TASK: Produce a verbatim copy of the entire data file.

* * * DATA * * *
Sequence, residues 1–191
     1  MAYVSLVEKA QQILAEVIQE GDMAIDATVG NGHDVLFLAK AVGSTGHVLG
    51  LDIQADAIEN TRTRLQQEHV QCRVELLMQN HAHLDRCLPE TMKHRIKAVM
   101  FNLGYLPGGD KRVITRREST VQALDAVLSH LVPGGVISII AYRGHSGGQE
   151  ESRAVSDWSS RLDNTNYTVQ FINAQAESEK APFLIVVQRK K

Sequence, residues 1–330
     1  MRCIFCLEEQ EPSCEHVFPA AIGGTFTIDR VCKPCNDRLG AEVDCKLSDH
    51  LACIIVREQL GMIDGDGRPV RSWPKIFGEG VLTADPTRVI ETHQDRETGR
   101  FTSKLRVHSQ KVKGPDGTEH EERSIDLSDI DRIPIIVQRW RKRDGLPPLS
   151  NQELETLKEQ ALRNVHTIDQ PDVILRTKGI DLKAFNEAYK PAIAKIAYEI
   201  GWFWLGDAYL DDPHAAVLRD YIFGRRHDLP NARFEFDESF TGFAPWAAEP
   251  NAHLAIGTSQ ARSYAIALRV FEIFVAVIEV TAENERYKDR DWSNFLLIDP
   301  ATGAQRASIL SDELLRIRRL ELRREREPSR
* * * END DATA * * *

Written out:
Sequence, residues 1–191
     1  MAYVSLVEKA QQILAEVIQE GDMAIDATVG NGHDVLFLAK AVGSTGHVLG
    51  LDIQADAIEN TRTRLQQEHV QCRVELLMQN HAHLDRCLPE TMKHRIKAVM
   101  FNLGYLPGGD KRVITRREST VQALDAVLSH LVPGGVISII AYRGHSGGQE
   151  ESRAVSDWSS RLDNTNYTVQ FINAQAESEK APFLIVVQRK K

Sequence, residues 1–330
     1  MRCIFCLEEQ EPSCEHVFPA AIGGTFTIDR VCKPCNDRLG AEVDCKLSDH
    51  LACIIVREQL GMIDGDGRPV RSWPKIFGEG VLTADPTRVI ETHQDRETGR
   101  FTSKLRVHSQ KVKGPDGTEH EERSIDLSDI DRIPIIVQRW RKRDGLPPLS
   151  NQELETLKEQ ALRNVHTIDQ PDVILRTKGI DLKAFNEAYK PAIAKIAYEI
   201  GWFWLGDAYL DDPHAAVLRD YIFGRRHDLP NARFEFDESF TGFAPWAAEP
   251  NAHLAIGTSQ ARSYAIALRV FEIFVAVIEV TAENERYKDR DWSNFLLIDP
   301  ATGAQRASIL SDELLRIRRL ELRREREPSR